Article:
The Great Pyramids of Giza
The Great Pyramids of Giza are by far the most impressive monuments ever constructed. You can spend hours here exploring these ancient marvels.
The main pyramids on the Giza Plateau are the Great Pyramid (Khufu Pyramid), Pyramid of Khaphre, and the Pyramid of Menkaure (along with the three adjacent Queen Pyramids).
While there are plenty more monuments that will blow you away, for most, the Great Pyramids of Giza will be the highlight of this 10 day Egypt travel itinerary. Enjoy the moment!
Tip: If you can put up with the heat, I highly recommend paying the additional 400 EGP to go inside the Great Pyramid. This is an experience you really shouldn’t pass up.
The Great Sphinx of Giza
The final attraction at Giza is the iconic Great Sphinx.
The Sphinx is located just a short drive from the Great Pyramids, and I think it goes without saying that it is an absolute must-see for all traveling in Egypt!
What you might not know is that the Sphinx has its own temple complex situated just outside this amazing monolith. In fact, the ancient Egyptians built this temple using giant limestone stones cut from the bedrock in which the Sphinx is carved.
Sleeper Train or Fly to Aswan
Leaving Lower Egypt behind (for now), the first transport element of this 10 day itinerary involves a 900-kilometer (560-mile) journey from Cairo to Aswan.
As I mentioned earlier, the overnight train is surprisingly comfortable (you get your own cabin) and is the best way to save valuable exploring time. The journey from Cairo to Aswan takes anywhere from 9 to 12 hours, depending on the schedule.
However, it’s a good idea to get to the train station early because trains in Egypt are not exactly punctual.
Option: Another option is to fly directly to Aswan. I recommend EgyptAir as they include baggage in their standard fares.
Day 3: Aswan – Philae Temple & Unfinished Obelisk
Drop your bags at your accommodation in the morning, because day three is another full day of exploring ancient monuments! There are plenty of things to do in Aswan, and this itinerary covers the majority of the best highlights and attractions!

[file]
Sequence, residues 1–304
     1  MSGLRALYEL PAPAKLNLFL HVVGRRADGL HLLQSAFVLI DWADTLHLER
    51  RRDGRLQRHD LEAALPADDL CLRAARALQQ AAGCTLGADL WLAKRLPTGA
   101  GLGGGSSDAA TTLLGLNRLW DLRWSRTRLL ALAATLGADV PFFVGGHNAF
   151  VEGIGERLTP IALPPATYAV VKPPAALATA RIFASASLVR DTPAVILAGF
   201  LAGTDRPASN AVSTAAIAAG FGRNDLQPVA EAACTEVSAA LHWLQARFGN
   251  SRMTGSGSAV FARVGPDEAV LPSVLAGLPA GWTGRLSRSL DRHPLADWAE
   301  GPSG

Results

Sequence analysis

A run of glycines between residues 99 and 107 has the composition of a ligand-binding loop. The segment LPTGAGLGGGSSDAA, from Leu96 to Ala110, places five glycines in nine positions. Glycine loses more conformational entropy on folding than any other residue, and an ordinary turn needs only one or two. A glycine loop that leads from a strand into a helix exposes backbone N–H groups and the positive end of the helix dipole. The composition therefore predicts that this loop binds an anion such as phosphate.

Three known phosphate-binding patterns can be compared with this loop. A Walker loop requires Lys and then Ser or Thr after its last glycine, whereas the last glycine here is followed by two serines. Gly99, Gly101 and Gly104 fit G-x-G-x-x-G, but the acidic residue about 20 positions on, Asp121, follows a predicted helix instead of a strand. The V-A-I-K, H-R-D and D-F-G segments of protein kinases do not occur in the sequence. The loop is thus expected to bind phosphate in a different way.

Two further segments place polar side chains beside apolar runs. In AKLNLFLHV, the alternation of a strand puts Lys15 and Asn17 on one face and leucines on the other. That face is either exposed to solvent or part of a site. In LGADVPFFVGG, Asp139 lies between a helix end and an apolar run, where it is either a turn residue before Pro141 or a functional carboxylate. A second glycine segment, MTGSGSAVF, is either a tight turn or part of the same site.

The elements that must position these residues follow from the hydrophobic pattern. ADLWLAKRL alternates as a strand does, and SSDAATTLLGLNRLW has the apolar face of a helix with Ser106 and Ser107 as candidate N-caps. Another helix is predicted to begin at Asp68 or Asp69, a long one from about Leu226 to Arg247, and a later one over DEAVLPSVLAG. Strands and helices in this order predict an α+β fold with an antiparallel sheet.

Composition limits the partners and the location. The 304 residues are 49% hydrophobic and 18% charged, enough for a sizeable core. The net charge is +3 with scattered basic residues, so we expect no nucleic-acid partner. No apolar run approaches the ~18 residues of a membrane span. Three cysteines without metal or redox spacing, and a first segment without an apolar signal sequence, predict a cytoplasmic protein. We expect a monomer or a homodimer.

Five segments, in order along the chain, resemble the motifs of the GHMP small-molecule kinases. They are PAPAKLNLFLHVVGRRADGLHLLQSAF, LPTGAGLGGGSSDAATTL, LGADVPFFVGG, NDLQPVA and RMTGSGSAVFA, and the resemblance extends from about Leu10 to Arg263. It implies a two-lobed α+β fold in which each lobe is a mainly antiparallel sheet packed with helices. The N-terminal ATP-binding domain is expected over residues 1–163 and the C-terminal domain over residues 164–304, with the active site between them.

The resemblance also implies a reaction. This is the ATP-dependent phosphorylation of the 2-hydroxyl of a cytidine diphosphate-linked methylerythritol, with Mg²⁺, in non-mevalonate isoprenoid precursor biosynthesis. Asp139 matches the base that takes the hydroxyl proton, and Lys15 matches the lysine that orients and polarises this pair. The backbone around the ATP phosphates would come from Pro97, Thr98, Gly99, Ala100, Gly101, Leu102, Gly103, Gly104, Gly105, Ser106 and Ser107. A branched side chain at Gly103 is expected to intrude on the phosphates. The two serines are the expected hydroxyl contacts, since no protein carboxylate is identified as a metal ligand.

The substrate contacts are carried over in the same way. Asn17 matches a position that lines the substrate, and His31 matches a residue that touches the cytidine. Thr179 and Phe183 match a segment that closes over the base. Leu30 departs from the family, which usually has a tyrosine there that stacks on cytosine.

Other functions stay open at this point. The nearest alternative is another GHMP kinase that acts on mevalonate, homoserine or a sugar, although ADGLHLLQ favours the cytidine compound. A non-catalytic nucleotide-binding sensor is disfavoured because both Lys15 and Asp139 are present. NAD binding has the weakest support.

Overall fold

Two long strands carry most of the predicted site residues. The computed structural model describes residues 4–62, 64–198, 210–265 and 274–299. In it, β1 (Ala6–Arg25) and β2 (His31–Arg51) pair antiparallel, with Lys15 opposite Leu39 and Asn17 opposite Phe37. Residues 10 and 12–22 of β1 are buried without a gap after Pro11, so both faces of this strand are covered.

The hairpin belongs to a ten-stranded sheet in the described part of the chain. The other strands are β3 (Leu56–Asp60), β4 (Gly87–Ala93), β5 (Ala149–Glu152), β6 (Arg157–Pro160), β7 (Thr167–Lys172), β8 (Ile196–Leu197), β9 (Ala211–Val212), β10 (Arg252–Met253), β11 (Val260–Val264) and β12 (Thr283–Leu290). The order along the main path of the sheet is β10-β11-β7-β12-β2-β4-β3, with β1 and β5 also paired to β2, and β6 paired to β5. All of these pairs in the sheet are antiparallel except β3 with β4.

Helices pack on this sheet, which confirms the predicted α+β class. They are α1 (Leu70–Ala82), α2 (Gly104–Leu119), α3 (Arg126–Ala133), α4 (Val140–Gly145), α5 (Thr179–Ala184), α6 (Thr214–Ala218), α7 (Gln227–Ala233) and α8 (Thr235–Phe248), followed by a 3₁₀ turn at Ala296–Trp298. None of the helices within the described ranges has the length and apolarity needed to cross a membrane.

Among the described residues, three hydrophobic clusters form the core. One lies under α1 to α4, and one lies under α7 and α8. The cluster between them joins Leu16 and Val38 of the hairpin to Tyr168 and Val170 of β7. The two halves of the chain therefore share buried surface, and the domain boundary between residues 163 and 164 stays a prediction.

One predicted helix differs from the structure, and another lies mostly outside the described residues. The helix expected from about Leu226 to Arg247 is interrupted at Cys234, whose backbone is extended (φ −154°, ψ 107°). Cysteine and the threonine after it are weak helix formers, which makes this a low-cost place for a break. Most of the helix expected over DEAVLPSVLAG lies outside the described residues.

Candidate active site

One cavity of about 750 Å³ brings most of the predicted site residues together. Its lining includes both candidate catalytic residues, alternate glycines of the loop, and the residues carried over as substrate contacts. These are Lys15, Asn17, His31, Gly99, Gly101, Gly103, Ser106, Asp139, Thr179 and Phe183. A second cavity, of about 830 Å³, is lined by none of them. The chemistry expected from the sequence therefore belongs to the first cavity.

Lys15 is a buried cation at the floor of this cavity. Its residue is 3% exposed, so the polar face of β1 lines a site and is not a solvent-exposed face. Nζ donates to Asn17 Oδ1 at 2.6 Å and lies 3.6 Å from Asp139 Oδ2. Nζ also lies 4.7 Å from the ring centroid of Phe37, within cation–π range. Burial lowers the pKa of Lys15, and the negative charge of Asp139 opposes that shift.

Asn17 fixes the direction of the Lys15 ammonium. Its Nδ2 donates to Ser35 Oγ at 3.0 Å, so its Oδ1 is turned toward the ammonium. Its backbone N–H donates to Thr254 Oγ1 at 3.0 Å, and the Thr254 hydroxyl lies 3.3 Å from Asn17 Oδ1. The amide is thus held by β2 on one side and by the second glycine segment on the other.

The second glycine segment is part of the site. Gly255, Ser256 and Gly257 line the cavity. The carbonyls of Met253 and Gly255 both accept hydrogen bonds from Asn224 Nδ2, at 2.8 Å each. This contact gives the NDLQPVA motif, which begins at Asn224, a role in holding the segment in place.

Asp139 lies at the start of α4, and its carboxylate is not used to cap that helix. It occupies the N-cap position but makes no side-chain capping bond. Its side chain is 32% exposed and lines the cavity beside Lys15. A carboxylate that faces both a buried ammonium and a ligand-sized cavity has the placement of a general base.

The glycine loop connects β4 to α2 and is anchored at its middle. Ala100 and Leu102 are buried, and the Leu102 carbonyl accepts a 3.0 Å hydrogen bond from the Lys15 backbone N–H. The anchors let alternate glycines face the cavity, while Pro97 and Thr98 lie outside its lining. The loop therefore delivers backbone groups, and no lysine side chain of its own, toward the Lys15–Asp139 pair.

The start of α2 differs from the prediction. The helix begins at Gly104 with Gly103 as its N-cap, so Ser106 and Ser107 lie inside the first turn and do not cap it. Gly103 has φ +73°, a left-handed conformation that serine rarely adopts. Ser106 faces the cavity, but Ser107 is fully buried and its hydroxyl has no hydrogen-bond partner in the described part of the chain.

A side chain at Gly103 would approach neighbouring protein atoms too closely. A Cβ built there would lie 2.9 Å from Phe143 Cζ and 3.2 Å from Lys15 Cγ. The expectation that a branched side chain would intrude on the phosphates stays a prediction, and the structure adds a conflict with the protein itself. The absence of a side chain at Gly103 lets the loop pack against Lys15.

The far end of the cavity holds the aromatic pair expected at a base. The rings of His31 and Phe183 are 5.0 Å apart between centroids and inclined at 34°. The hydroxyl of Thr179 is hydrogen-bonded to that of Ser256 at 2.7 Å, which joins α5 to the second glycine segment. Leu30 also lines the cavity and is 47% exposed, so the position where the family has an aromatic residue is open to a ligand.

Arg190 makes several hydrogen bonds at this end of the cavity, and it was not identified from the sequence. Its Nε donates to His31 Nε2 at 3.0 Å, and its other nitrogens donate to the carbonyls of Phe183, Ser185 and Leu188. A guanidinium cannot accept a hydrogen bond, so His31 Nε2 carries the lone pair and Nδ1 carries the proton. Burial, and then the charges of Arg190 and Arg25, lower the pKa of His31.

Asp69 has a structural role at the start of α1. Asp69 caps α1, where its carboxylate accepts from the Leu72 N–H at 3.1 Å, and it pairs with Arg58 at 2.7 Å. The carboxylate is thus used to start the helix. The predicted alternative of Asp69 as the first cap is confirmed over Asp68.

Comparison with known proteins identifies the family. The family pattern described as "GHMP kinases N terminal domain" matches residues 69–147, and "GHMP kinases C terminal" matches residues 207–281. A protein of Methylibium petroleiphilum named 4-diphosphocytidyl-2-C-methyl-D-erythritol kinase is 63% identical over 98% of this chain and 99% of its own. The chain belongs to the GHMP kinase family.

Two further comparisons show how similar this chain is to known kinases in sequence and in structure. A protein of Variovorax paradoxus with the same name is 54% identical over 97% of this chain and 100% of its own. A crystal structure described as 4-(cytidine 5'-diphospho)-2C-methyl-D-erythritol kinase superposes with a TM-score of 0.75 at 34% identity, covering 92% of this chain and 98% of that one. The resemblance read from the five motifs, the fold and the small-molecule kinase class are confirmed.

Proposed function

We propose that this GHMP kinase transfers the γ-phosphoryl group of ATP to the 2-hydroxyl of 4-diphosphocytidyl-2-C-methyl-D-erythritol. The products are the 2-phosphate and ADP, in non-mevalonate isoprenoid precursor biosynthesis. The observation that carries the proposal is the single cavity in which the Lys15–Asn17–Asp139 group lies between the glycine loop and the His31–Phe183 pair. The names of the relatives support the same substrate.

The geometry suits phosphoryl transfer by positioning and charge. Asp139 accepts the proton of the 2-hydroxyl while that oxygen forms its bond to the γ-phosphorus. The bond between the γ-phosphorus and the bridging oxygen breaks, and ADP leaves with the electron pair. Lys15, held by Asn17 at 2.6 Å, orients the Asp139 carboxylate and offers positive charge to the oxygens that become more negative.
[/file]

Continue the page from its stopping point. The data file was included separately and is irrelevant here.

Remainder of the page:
The Unfinished Obelisk is an immense 1,000-tonne piece of granite in an ancient quarry site close to the city of Aswan.
While never completed, this massive obelisk would have been the tallest and heaviest in the world. Today, it offers visitors an insight into how the ancient Egyptians carved out these enormous limestone pillars.
Next up is Philae Temple, a magnificent temple dedicated to the gods Isis, Osiris, and Horus. The majority of this temple was constructed around 280 BCE during the Ptolemaic era and under the reign of Ptolemy II.
While still very much an ancient site, it’s mindblowing to consider that this temple was built 2000 years after the Great Pyramids!
Philae Temple sits on an island called Agilika Island, and you will require a short boat trip to get here. There’s plenty here to explore, from its huge columned halls to its various smaller temples dedicated to various deities.
Did you know: A team of archeologists and engineers took apart Philae Temple, along with other amazing monuments including Abu Simbel, piece by piece, and moved them to new positions. This was due to the gigantic Aswan High Dam project, which would have placed them at risk of damage from the rising Nile.
Where to Stay in Aswan
The options for where to stay in Aswan aren’t broad as diverse as in Luxor or Cairo. However, that doesn’t mean you can’t find some great hotels here. Below are my top three picks.
- Sofitel Legend Old Cataract – Located in the Nubian Desert 1.3km from Aswan center the hotel offers excellent views and 5-star service. The rooms are beautifully designed and decorated and feature an indoor and outdoor pool, spa, and fitness facilities.
- Tolip Aswan Hotel – A perfect choice for those not wanting to break the bank but still want to experience 5-star luxury overlooking the Nile River. Here, you’ll get a buffet breakfast, pool-bar service, and beautifully decorated air-conditioned rooms.
- The Mango Guest House – Located on a small island on the Nile River, this guest house is a short water taxi from Aswan’s famous landmarks. It has everything you need at an affordable price and is only 5 minutes walk from the Nile.
Day 4: Aswan – Abu Simbel